The FOOD AND AGRICULTURE ORGANISATION (FAO) of the United Nations provides assistance and advice to intergovernmental agencies for their development and planning to ensure that their food supply meets the dietary needs to its people.
In spite of progress made over the last two decades to produce enough food, 793 million people still suffer from chronic hunger. Among children, it is estimated that 161 million under five years of age are chronically malnourished (stunted), almost 99 million are underweight, and about 51 million are acutely malnourished (wasted).
The WORLD HEALTH ORGANISATION (WHO) employs over 7,000 people to direct and coordinate authorities on international health within the United Nations’ system. Their constitution defines “Health as a state of complete physical, mental and social well-being and not merely the absence of disease or infirmity”.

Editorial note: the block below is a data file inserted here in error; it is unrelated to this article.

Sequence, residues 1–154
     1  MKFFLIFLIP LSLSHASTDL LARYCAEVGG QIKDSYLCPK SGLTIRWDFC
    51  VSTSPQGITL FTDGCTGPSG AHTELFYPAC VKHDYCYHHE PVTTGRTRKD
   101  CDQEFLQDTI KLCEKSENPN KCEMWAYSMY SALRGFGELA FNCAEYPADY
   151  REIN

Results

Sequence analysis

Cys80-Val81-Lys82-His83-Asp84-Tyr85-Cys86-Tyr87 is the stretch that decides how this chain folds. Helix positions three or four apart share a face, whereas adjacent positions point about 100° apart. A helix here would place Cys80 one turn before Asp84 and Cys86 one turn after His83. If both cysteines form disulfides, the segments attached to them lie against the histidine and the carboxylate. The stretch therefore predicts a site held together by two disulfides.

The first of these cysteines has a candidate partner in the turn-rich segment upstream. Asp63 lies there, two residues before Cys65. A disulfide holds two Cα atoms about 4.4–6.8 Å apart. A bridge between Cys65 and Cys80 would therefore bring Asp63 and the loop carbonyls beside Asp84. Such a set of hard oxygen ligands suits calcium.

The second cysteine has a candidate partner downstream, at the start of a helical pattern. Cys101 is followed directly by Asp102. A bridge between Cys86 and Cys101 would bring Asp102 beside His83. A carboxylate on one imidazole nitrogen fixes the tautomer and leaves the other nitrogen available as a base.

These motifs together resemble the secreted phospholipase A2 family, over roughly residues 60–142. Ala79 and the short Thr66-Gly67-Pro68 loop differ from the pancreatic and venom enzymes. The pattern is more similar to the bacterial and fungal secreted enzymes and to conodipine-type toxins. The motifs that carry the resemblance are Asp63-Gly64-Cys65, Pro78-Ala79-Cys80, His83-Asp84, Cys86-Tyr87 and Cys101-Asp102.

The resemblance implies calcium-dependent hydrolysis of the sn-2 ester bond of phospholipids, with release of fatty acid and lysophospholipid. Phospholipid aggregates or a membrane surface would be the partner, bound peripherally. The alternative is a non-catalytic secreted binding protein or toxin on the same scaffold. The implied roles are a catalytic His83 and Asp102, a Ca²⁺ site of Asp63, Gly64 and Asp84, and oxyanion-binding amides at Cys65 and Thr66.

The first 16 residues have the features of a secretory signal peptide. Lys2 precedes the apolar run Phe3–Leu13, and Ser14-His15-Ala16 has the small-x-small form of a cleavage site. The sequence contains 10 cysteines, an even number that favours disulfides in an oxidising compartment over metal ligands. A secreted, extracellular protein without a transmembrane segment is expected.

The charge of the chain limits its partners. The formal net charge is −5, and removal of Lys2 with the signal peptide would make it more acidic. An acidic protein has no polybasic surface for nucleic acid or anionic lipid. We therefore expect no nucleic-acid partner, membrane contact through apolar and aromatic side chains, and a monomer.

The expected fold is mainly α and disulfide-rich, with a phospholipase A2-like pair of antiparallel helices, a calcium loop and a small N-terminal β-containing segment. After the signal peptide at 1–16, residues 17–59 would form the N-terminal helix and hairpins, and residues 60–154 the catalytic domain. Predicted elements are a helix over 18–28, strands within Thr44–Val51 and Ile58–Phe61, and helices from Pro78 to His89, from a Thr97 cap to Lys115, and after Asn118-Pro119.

Both organisations are concerned with the gathering of information on human nutritional requirements – as accurately and generally acceptable as possible to provide a basis for the programmes and policies of their member organisations.
Over the past thirty years both FAO and WHO have convened and a number of Expert Groups have reported on human vitamin and mineral requirements.
The following is the Expert Group Consultation held in Bangkok in September 1998.